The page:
Dennis King wrote:
>> Cath Dromma Fuait – fúaim fondmar –
> The Battle of Druimm Fuait -- a delightful sound --
There is a problem with MS 'fondmar' (nom. sg.); it fails to consonate
with 'armgail', 'claidbig' and 'samlaid' (the final words in lines b and
d should rhyme; those in a and c should consonate with the rhyming
words). The reading in Lec. does consonate: 'fondmuir'. This might be
gen. sg. 'the sound of a pleasing thing?' But LL's 'fúaim' is also
suspect. BB has 'fuind ina fondmar' (with one syllable too many) and Lec
merely 'ina fondmair' (with 'fuind' in its examplar omitted to correct
the syllable count?). I suggest reading 'fuinn fondmair' - 'of
delightful land' (< fonn, 'land'; with an n-stroke misread as an
m-stroke in LL). The intrusive 'ina' in BB and Lec may have arisen by
mistaking 'fonn' for one of its other meanings - 'a foot'.
>> cath carge crúaid co n-armgail,
> The hard Battle of Carrac (Boulder) with armed valor (weapon -fury,
Yes, but you don't seem to have translated 'crúaid'. ('Harsh with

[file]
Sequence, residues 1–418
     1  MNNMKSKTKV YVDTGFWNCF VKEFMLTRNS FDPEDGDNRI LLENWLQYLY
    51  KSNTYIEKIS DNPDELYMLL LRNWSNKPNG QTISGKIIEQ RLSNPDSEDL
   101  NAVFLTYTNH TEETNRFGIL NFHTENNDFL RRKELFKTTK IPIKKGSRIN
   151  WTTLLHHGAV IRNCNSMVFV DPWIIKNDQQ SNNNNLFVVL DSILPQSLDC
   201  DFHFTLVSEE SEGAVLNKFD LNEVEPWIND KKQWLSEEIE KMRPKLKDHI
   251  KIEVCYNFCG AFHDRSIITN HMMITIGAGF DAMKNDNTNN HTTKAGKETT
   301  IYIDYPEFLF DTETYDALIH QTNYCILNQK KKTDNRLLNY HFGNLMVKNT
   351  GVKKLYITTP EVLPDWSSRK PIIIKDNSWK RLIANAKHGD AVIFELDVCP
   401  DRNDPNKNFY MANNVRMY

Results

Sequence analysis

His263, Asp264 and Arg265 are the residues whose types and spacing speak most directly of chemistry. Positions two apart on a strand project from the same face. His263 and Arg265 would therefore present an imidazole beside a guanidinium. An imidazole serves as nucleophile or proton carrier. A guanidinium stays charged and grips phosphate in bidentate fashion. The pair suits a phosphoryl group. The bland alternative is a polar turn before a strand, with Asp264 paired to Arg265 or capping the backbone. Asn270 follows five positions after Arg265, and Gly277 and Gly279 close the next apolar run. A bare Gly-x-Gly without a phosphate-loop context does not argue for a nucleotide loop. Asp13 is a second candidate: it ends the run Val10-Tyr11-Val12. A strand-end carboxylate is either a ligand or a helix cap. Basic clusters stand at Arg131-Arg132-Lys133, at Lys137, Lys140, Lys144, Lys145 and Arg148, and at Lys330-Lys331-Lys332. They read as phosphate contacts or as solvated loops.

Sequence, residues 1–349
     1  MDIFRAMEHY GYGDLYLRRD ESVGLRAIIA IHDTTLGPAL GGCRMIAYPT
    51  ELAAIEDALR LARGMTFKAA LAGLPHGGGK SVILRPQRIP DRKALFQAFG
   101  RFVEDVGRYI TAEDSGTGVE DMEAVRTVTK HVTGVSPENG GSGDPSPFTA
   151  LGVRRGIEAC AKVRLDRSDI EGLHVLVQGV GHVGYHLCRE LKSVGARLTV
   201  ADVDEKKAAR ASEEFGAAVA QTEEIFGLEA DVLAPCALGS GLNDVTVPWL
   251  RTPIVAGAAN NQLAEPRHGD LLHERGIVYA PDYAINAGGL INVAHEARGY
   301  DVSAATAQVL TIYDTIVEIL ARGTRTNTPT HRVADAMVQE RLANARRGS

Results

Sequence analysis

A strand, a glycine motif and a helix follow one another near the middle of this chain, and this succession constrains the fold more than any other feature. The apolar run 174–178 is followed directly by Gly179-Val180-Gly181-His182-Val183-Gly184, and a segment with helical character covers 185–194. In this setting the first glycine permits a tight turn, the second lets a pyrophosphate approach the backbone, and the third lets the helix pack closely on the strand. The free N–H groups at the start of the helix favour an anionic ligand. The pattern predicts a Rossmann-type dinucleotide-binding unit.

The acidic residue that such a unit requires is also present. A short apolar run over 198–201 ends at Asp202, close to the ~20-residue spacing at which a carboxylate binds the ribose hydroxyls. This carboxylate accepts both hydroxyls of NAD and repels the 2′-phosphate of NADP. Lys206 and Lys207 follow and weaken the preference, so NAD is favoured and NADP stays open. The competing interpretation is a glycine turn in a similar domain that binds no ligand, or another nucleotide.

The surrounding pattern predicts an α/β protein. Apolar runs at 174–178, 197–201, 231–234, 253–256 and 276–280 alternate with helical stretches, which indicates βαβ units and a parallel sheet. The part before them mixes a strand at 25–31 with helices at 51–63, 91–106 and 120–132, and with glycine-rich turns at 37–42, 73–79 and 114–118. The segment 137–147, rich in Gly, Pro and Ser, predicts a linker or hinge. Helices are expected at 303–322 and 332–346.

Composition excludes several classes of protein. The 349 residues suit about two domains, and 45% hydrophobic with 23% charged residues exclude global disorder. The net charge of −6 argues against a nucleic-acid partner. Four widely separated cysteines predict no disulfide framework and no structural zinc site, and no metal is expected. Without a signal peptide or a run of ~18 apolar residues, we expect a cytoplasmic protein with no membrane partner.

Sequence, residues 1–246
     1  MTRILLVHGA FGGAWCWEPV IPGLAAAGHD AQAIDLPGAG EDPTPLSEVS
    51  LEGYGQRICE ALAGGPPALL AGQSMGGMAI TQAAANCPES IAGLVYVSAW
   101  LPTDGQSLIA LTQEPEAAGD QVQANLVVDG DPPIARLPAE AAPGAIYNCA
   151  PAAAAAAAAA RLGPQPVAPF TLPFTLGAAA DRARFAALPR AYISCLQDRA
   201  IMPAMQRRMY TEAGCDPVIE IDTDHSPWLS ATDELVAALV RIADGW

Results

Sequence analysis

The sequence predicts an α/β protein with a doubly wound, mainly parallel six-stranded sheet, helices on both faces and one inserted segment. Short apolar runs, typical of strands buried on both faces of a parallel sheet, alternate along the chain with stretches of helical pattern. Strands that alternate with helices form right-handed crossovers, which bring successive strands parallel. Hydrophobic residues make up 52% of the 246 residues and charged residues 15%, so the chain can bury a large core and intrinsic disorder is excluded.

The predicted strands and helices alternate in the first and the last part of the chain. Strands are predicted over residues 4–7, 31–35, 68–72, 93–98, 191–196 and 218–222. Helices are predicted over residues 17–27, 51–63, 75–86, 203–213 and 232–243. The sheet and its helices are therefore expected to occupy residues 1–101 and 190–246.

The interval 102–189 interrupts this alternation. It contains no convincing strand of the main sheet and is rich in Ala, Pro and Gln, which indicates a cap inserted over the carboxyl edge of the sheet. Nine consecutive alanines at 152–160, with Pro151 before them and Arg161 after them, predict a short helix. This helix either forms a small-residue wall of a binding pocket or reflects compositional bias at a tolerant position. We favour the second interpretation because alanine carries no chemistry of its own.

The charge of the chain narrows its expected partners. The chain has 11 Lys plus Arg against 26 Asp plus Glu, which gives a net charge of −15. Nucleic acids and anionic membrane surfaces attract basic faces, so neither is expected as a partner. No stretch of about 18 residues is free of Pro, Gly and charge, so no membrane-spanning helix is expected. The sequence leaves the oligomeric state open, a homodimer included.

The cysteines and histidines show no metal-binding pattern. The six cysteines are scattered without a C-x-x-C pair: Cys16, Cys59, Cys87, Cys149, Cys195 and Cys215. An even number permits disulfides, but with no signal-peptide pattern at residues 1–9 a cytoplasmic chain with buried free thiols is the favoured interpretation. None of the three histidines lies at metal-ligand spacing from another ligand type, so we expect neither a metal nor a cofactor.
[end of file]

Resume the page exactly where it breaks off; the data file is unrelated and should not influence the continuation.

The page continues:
>> for cert Conchobair c[h]laidbig;
> "upon/for/on behalf of the right(ness)"* of sword-wielding Conchobar;
> *I really don't know the idiom "for cert + GEN", and I don't know or
> can't remember from earlier discussion what role Conchobar has in all
Tadg is attacking the Ulster armies (under Fergus Dubdétach). Conchobar
(mac Nessa) was the legendary king of Ulster in an earlier period. The
best I can make of the preposition 'for' here is is something like
'over(powering)' (DIL F 298.63): 'over the right of [= exacted by]
Conchobar's sword'; that is, over-powering the Ulstermen and claiming
even some land in Ulster that hand anciently been theirs? Perhaps 'for'
is merely 'on (towards, into)' (DIL F 297.29): '(and) on to the
[territorial] right of Conchobar's sword[land]'. In any event, this
fighting within the kingdom of Ulster itself would give us our missing
You will note that I am treating 'Conchobair' as a preposed genitive.
(Otherwise we might read 'of Conchobar of the sword' = 'of
>> condat é a secht samlaid.
> [So that] these are their seven images (comparisons, likenesses).
I think this refers specifically to the list of seven battles:
'So that they are his seven thus'.